proficiency in Maltese will be recognised as the common standard by stakeholders in different sectors.” One of the key concerns raised about these proposals has been the level of certification for the new exams and syllabi. When asked whether students who have learnt Maltese as a foreign language and those who follow the vocational route could attain the same level of proficiency in Maltese as those who follow the SEC syllabus, Mr Cachia replied: “The educational system in Malta is legally regulated by the Malta Qualifications Framework (MQF) and the referencing report which describes this framework. SEC programmes are considered as reaching MQF level 3. However, the framework does not exclude the possibility of achieving this level through other pathways. “In fact, we have an important local example which shows this. For over 10 years, students at Mcast have been achieving Maltese at MQF level 3 through the programmes they study there. Over the years, through this Mcast programme, thousands of such students have found employment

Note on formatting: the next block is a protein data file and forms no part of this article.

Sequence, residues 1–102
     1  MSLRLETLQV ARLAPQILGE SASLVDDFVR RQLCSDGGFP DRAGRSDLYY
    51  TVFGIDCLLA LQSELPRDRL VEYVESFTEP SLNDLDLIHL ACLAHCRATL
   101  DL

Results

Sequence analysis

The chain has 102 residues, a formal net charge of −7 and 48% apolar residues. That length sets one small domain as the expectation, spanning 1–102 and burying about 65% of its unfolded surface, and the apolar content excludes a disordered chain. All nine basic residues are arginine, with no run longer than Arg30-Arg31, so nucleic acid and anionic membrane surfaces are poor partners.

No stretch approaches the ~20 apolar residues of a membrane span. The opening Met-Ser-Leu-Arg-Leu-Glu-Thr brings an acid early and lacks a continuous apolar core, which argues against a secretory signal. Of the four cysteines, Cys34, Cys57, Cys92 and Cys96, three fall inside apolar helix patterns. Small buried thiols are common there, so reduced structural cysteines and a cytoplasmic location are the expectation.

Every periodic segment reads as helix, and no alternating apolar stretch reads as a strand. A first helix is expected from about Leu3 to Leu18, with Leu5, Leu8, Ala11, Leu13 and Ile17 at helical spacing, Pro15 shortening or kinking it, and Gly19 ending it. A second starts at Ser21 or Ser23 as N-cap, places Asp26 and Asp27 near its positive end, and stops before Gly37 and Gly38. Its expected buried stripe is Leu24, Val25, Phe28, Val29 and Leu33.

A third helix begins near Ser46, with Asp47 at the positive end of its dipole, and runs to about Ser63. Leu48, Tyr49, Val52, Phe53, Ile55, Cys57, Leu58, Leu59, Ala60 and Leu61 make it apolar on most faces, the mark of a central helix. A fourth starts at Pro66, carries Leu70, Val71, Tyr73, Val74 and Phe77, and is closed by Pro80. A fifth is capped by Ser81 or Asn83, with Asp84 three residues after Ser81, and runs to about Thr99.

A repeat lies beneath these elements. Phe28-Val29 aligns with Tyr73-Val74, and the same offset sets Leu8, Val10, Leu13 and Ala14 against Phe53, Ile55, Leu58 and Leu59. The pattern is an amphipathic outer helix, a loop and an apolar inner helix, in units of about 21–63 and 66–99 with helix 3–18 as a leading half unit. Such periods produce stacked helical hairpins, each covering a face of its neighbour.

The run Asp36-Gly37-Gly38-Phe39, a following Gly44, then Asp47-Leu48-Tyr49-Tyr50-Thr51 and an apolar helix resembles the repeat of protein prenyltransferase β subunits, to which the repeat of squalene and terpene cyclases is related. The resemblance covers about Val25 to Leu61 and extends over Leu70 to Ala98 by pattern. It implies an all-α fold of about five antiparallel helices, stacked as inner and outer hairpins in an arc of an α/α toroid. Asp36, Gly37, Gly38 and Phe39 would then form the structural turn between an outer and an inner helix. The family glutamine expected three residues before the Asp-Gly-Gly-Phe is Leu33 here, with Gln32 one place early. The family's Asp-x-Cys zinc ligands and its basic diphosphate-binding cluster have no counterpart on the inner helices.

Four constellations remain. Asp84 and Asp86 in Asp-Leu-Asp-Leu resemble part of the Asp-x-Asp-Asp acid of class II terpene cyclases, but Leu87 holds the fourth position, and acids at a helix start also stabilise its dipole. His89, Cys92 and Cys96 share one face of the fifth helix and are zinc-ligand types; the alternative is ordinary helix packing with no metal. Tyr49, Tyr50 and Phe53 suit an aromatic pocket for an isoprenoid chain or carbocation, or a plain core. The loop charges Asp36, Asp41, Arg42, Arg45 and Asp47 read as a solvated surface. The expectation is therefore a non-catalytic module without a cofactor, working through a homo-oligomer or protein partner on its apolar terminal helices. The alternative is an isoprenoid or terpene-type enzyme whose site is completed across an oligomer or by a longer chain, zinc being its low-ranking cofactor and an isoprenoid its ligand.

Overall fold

or continued studying at higher levels, some of them even going on to study at tertiary level. “In all cases, and for all programmes, standards will be maintained and quality assured to ensure the credibility of all qualifications. This will mean that not all students may be able to achieve MQF level 3 in the various programmes but will be certified according to the level they achieve, which could range from MQF level 1 to MQF level 3.” Dr Micallef acknowledged that the increasing number of foreign students who enter the local education system at different ages is a challenge for teachers of Maltese. Teachers need to find ways of including non-Maltesespeaking students in their lessons whie trying to ensure that Maltese students are not hampered in the learning of their native language. Dr Micallef suggests that rather than introducing the two new syllabi as proposed, it would be more beneficial to “focus on the proper use of Maltese as a foreign language and introduce an intensive support programme that integrates foreign students with the current national curriculum, as other countries do when teaching their national language to foreign students.” He continues: “A greater investment in financial, human and educational resources will certainly help strategies that try to reduce the gap between foreign and local students. Such an investment could include an extra complement of teachers specially trained for intensive programmes of integration with mainstream Maltese. Increased funding can also go towards enhancing existing resources or creating additional aids, including a Maltese spellchecker, online programmes/ videos that consolidate the material covered by school lessons, computer games based on language skills and IT labs. “Outreach programmes for foreign parents would help make language acquisition part of the home culture, as